What it’s like to be married young

Before I begin, I’d like to qualify that I am describing a personal experience and not prescribing anything. Everyone has a different story. This happened to be ours. And I am blessed and grateful. I am sharing this because a lot of young couples are asking me what it’s like to be married young.

I was a month shy of my 22nd birthday when I said, “I do.” Noel then was 28. It was March 2011. Today we celebrate our seventh wedding anniversary with our two lovely daughters. Thank you, Lord, for your faithfulness!

So what is it like?

  1. Cornerstone, not a capstone

One of the many comments I got then was: “You are throwing your life away!” I guess people have a stigma that it’s a dead end once you say your vows. I thought the same way before but when I talked to older couples, I realized that your calling is not dependent on your marital status. Everyone has a calling. Mine calls me in the ministry and in motherhood. To say that someone can accomplish something only when she’s single, implies that there is a limitation to what God can do through a person. That is not my God. I cannot box Him. I have seen him move in the lives of so many women, married and single alike.

The reason young couples always have for not getting married is because they’re not financially ready. I think for everything we will do in our lives, we have to have good reasons to do it. You should define what you mean by ‘ready.’ If you mean having a big house and a car is the definition of ‘ready,’ you should define it and decide if it is a worthwhile reason. If it is, then wait. Just keep in mind what Apostle Paul said in 1 Corinthians 7:9, “But if they cannot control themselves, they should marry, for it is better to marry than to burn with passion.”

March 14, 2011
On our Wedding Day

When we were in courtship, my then boyfriend asked me one question that I will never forget: “What can’t you do once we’re married?” I said a lot of things in my list but I realized I want to do those things with him. And we did. And we still do. For those whose story is similar to ours, marriage is not a capstone, it is a cornerstone.

We see our wedding day as the starting place, of what God is about to do in our lives. Since then, we had so many adventures together. We rented eight houses in two cities. We traveled to a few nations. He worked in the ministry. I worked as an HR personnel, a teacher and a researcher. We weren’t rich then and even now haha! But we are every bit happy. We have jobs and managed our finances the best way we can. God was faithful then and now. We believe the past seven years is just the beginning of many stories of His goodness and love to us.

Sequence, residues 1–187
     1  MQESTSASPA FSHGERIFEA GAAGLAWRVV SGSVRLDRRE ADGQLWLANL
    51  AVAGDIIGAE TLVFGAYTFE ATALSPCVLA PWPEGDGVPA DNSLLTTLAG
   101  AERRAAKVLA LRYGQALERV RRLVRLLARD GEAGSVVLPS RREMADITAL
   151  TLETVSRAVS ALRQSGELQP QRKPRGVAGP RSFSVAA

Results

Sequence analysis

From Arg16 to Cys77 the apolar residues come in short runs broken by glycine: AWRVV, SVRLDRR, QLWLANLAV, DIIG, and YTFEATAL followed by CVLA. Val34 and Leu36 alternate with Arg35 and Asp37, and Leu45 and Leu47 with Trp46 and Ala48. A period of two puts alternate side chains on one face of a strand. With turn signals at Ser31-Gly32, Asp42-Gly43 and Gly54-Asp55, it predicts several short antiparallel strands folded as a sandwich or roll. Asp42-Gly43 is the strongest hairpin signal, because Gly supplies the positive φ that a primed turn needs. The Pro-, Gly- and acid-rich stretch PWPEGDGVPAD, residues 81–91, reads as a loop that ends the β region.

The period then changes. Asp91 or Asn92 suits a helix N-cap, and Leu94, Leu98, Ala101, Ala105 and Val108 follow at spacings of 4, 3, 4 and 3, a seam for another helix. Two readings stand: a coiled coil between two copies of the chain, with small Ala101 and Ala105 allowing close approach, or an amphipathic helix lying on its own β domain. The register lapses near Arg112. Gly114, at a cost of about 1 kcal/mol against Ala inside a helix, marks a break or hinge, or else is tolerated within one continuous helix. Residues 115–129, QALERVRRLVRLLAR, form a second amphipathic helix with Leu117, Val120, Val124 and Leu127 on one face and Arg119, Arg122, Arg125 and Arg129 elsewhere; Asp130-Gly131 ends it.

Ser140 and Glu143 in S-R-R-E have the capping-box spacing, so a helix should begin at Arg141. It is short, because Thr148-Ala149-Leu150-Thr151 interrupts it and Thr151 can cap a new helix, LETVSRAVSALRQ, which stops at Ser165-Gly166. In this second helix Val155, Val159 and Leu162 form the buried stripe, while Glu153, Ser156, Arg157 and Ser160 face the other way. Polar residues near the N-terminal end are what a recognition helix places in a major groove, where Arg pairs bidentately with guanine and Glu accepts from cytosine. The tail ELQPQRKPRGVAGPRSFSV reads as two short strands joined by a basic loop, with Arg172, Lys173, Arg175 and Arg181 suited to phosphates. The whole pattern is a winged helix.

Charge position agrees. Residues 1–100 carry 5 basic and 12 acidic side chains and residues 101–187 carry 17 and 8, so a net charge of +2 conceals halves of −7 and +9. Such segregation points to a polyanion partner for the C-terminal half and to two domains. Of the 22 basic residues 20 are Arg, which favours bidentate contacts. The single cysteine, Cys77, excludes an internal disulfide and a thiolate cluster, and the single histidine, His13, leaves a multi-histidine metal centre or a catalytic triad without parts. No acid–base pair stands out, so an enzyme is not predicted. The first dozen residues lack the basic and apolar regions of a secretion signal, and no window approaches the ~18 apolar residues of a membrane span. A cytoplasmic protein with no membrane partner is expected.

1. Inspiration, not an inhibition 

When people find out I graduated Magna cum Laude, they either say, “Wow!” or shake their heads in disappointment. Prior to getting married, I worked two years in the professional field. I was just starting in my career. Some think that I am wasting my time in ministry and taking care of little fluffy bottoms. Truth is, I don’t see my marital status as an inhibition for a great task. Rather, this is my great task. For me, my husband and my kids are my inspiration for waking up everyday. They inspire me to be a better person and to do more. In the stories of some older couples we met, they say that they accomplished so many things because they have spouses and children who inspire them, not burden them. They couldn’t have done so much if they had no one to do it for.


As for me, I don’t think I would be who I am today without my husband and my children. If God will call me to do another thing besides being a wife and mom, they will be my inspiration. Just like in this season, they are my inspiration as I do all things faithfully everyday. They are and forever will be.